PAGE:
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Psychological help now just one mouse click away

Psychological help now just one mouse click away

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Vincentians who struggle with low mood and anxiety can now access psychological help with just the click of a mouse.

The assistance comes through the SVG Psychological Wellness Initiative (e-therapy), which is being provided through the collaborative effort of the Ministry of Health, Wellness {{more}}and the Environment and the Trinity School of Medicine.

During a press conference at the Ministry of Transport and Works conference room on August 18, chief health promotions officer Patsy Wyllie told reporters that through an agreement with an Anglo-Finnish supplier called Headsted, two e-therapy programmes, the first of their kind in SVG and the region, will be delivered here free of cost.

Addressing the media, David Lees, EU consultant, said the SVG e-therapy programme is the first initiative to provide comprehensive coverage of online therapies in the Caribbean region.

Lees explained that Vincentians, including secondary school students who think they might benefit from the initiative, just have to ask.

“From high school age and above, as long as you have Internet access at home or through a community centre, as long as you have an e-mail address, all you have to do is ask their family nurse, doctor, counsellor, anybody associated with the health and care system here. If they ask, they will receive access to the course.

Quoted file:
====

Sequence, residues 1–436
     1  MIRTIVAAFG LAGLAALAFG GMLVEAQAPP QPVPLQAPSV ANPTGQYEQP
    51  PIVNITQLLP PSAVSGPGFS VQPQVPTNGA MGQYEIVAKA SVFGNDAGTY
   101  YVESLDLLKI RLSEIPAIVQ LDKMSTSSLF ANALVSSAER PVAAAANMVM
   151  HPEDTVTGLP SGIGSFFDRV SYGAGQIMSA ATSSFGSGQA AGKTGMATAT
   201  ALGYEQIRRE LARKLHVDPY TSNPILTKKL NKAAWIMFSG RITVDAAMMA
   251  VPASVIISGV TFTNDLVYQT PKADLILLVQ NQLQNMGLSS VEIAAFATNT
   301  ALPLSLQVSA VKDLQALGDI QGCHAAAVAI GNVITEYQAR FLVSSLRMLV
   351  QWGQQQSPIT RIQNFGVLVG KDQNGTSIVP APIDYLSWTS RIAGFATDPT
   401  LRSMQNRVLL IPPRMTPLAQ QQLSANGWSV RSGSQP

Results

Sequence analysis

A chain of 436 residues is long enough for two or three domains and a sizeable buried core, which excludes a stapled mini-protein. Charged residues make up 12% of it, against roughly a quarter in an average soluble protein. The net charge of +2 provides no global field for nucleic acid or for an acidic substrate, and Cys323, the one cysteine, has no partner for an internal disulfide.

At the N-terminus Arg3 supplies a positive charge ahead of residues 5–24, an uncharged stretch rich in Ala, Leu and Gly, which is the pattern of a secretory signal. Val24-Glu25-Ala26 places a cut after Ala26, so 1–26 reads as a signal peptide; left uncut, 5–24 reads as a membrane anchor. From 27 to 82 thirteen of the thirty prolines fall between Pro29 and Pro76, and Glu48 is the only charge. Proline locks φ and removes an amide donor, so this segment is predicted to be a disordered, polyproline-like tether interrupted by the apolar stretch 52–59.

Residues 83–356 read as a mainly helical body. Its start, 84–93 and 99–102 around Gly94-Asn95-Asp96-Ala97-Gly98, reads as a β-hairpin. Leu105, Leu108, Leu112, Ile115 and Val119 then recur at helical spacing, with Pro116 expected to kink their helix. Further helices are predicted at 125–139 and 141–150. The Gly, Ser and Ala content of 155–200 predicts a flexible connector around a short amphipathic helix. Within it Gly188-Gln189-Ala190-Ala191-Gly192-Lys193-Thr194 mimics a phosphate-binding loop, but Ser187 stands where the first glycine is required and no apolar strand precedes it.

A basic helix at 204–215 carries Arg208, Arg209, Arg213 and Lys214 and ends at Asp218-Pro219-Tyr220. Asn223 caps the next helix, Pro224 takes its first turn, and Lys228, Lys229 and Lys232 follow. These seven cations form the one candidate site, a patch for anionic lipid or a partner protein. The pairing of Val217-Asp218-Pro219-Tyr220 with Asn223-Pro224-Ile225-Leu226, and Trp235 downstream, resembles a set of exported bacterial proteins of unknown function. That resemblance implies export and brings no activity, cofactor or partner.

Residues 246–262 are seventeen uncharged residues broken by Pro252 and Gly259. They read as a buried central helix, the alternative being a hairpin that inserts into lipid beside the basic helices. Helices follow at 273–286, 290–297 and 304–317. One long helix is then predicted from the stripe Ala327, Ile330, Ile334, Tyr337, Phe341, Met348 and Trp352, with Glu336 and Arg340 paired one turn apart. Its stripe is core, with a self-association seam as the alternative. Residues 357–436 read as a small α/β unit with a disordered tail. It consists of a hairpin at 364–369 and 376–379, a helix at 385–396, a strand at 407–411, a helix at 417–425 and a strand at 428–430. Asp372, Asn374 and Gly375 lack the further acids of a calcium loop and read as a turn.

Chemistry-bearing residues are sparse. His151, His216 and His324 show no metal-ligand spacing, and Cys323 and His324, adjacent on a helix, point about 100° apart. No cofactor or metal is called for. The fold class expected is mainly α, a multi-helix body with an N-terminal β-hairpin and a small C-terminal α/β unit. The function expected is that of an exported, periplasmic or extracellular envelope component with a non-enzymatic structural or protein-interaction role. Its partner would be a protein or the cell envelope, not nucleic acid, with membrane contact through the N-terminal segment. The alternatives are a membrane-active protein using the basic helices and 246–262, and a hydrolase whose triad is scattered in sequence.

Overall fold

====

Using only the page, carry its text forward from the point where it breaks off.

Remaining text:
“They don’t have to see anybody as a consultation. They can pick up the phone, give their basic details of their name, e-mail address, age and gender and the account will be generated and the information will be sent to their inbox,” Lees outlined.

For secondary school students, Lees stated that they must see their counsellor for the duration of the programme.

The two e-therapy programmes are a seven-week course called ‘Hold your nerve’ for persons struggling with anxiety and ‘Value Your Self’, which is of six weeks duration and is targeted at persons with low moods.

“For those people who do not have Internet at home, I urge them to make contact with local community centres for assistance, particularly if they need assistance in setting up an e-mail address. Nobody should be excluded from this,” he said.

According to Lees, the programmes are based on Acceptance and Commitment Therapy (ACT), which he explained is a third wave Cognitive Behavioural Therapy (CBT).

“ACT aims to help people to build rich and meaningful lives by teaching psychological skills that can help handle painful thoughts and feelings and to help clarify what is truly important and meaningful to you as the participant and to motivate and change things in your life.”

He noted that participants are required to complete all of the sessions for a particular week before they can progress to the following week’s sessions.

He also said all of the data collected will be held in the strictest of confidence.